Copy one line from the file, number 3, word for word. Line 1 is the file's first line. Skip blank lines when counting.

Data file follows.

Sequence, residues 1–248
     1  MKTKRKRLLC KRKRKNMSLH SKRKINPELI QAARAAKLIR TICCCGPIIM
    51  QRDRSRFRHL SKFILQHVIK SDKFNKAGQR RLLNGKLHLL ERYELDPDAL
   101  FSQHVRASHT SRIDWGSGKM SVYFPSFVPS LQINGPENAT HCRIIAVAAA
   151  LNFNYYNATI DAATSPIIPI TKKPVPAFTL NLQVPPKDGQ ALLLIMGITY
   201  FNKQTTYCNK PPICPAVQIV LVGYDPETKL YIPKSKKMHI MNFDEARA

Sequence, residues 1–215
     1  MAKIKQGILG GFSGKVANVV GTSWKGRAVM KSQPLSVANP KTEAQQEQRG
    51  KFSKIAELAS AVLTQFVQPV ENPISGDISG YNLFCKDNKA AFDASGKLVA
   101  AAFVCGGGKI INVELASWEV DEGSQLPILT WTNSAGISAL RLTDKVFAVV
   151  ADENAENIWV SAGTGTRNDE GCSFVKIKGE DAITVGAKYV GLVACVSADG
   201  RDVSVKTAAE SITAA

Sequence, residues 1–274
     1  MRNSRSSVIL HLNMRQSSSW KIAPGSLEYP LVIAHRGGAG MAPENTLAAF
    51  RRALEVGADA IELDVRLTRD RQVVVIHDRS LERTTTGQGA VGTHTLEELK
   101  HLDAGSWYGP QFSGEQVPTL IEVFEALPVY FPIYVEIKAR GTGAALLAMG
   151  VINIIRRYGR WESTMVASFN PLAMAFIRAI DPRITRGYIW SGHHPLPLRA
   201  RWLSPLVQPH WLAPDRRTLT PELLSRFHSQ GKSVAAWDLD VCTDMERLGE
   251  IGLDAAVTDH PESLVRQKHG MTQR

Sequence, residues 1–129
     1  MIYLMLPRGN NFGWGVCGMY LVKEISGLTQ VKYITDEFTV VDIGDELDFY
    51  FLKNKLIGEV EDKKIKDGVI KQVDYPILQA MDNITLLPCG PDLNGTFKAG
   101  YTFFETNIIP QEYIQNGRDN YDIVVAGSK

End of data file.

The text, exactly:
    51  QRDRSRFRHL SKFILQHVIK SDKFNKAGQR RLLNGKLHLL ERYELDPDAL